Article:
You may have seen ActionAid’s latest Not This Girl appeal to help keep girls safe from sexual exploitation and abuse. Throughout the appeal, supported by UK Aid Match, we will be sharing stories of women and girls who have survived violence.
Watch our behind the scenes video and read on below to find out how we balance authentic storytelling with protecting survivors.
The importance of storytelling that protects survivors
One of the most important things about ActionAid is our authenticity. We are working directly in some of the poorest communities in the world and it has always been very important to us to make sure our supporters hear the real voices of people in those communities. They have remarkable stories – of courage, resilience and determination.
But with the difficult context of girls who have experienced rape and sexual assault, we have to consider how to tell those stories in a way that protects the survivor. This is particularly important now so many people all over the world have mobile phones and access to the internet. These stories could be seen anywhere – including by the men who have perpetrated these crimes. We would never want to expose a girl who has shared her story to any more harm.
Meet Jenny, an aspiring film star
While I was filming for the appeal in Kenya, I asked the women I met about how to get around the problem of needing to help people in the UK identify with a girl, without putting a girl at risk. They introduced me to Jenny (we have changed her name) who is 11. To represent girls’ experiences through images and videos, Jenny helped us depict the hardest-hitting scenes as a child actress.
Jenny’s mum, Alice, is a Gender Defender – women who work with ActionAid to prevent violence in their community. Jenny is very aware of why this work is needed. Some of Jenny’s friends have experienced sexual violence themselves.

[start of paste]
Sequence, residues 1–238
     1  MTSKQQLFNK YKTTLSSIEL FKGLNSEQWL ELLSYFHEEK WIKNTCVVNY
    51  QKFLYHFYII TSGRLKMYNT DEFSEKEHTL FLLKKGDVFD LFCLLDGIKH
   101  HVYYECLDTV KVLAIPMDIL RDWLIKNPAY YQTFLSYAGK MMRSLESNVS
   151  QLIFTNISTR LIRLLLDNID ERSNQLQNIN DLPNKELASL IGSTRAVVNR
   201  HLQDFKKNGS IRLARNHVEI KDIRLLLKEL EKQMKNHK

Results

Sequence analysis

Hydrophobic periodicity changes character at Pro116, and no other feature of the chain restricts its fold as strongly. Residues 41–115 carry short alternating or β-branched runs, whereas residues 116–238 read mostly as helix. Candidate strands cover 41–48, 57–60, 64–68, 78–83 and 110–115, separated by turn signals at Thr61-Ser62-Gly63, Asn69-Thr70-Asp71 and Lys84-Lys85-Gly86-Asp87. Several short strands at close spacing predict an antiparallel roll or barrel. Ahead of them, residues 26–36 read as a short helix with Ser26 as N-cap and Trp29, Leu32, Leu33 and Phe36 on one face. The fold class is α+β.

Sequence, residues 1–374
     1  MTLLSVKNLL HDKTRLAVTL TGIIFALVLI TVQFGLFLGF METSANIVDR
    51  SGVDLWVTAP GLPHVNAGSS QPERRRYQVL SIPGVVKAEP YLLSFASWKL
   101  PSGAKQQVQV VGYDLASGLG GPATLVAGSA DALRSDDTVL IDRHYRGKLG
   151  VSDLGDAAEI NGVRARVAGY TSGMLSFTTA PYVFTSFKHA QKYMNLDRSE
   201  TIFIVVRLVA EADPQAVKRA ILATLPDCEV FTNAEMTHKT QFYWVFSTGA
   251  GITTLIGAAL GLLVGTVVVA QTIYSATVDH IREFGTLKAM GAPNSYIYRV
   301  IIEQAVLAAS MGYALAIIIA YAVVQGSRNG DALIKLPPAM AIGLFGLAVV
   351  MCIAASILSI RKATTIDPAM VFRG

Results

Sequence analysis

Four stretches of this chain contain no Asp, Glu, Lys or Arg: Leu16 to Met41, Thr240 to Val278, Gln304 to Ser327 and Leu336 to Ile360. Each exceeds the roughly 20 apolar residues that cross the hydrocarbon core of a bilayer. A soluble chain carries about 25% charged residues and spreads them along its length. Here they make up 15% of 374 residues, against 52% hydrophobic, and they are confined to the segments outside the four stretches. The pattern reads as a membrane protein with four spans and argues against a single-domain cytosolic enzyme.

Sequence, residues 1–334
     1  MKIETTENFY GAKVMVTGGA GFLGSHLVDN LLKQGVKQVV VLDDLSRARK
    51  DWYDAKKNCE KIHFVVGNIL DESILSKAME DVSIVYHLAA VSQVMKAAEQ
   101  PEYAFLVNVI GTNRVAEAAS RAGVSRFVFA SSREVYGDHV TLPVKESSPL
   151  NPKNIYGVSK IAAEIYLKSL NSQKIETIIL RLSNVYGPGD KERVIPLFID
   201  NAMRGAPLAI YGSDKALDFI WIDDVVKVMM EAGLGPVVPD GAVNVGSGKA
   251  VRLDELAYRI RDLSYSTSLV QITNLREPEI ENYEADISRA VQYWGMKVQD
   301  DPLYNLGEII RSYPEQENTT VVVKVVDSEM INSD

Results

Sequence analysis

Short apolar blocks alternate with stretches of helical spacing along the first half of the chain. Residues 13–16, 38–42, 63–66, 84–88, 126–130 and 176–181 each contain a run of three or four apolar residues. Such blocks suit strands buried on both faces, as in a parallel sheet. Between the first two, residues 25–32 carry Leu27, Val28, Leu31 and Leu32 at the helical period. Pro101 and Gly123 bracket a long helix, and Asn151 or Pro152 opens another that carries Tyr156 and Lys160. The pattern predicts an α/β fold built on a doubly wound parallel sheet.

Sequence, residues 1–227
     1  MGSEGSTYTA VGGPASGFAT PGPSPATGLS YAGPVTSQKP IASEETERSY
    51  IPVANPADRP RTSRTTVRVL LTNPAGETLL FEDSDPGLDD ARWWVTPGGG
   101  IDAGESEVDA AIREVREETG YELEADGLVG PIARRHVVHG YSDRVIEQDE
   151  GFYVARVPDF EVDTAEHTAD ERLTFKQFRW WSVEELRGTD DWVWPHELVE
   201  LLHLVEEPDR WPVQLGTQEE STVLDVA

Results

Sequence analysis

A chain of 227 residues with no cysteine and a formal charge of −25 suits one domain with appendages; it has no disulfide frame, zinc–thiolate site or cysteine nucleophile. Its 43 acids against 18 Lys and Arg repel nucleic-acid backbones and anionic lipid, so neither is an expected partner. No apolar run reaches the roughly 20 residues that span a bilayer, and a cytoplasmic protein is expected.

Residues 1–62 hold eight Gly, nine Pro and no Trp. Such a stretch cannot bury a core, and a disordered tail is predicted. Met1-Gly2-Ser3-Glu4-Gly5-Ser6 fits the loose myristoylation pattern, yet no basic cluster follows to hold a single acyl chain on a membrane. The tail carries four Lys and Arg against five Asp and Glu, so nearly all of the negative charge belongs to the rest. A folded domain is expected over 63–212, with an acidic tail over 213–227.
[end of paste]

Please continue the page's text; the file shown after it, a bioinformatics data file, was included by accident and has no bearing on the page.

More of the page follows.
Jenny is a bright, lively, intelligent girl who speaks very good English. As an aspiring film star, she was delighted to help! She met the crew, and we explained the few actions we’d ask her to do, to help us tell the stories of other girls – all based on real stories we heard directly from girls themselves.
So, where you see a girl running away from danger, or texting ‘help’ to the SMS helpline that ActionAid runs, this is Jenny. She seemed to really enjoy the filming and her aunt told me she was happy to help us, so more people are aware of the violence girls in her community face every day.
How we protect the identity of survivors and girls at risk
With a sensitive subject like rape and sexual assault, in many of the images you see, girls will have been anonymised. The girl may have covered her eyes or face with her hands, or we haven’t shown you her face – just her hands or her feet. We want people to be able to identify with a real person, but without being able to fully identify her.
In some other cases, you may see pictures of girls. These girls are at risk of sexual violence because of where they live or their situation. With the parents’ consent we have shown you their faces but have changed their names, to help protect their anonymity.
For any campaign, ActionAid takes child protection very seriously. This includes ensuring that all the girls we photograph and film are supported in telling their story, they have emotional support and they fully understand how their story will be used. We also request the consent of a parent or guardian for anyone under 18.
Our commitment to sharing women’s and girls’ real stories
At ActionAid, we think it’s essential to share the horrific violence that so many girls experience. It helps to educate us, to make us realise the very difficult circumstances that girls face every day. And by showing the amazing women on the frontline who ActionAid support to prevent and respond to violence, many people are inspired to give their support.
We have strived to do this in a way that protects the girls we work with and ensures their dignity. It’s a hard balance – and we want to continue to challenge ourselves to do the very best we can in this area.
By donating to our appeal today, your gift will be doubled by the UK government, helping us support even more girls, like Jenny’s friends from Kenya. Please donate today and help support courageous women to continue challenging violence and say ‘Not this girl. Not any girl.’
Photos: Sheldon Moultrie/ActionAid